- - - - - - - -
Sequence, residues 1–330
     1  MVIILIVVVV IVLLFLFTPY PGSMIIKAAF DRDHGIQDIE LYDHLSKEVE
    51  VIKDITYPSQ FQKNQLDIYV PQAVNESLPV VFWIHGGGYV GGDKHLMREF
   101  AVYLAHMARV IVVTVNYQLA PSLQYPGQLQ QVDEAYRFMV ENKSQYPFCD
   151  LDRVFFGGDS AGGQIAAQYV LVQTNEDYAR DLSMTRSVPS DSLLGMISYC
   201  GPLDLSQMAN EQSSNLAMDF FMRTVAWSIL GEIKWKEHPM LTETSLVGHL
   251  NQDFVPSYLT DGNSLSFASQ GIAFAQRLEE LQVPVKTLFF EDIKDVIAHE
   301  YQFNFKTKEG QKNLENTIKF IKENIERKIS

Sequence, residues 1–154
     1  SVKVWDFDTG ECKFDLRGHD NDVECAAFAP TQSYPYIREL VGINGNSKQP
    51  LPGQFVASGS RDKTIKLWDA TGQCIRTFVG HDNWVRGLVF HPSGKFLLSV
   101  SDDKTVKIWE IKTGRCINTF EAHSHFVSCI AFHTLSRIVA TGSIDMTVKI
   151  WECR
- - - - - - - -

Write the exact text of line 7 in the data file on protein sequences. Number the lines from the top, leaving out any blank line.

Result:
   251  NQDFVPSYLT DGNSLSFASQ GIAFAQRLEE LQVPVKTLFF EDIKDVIAHE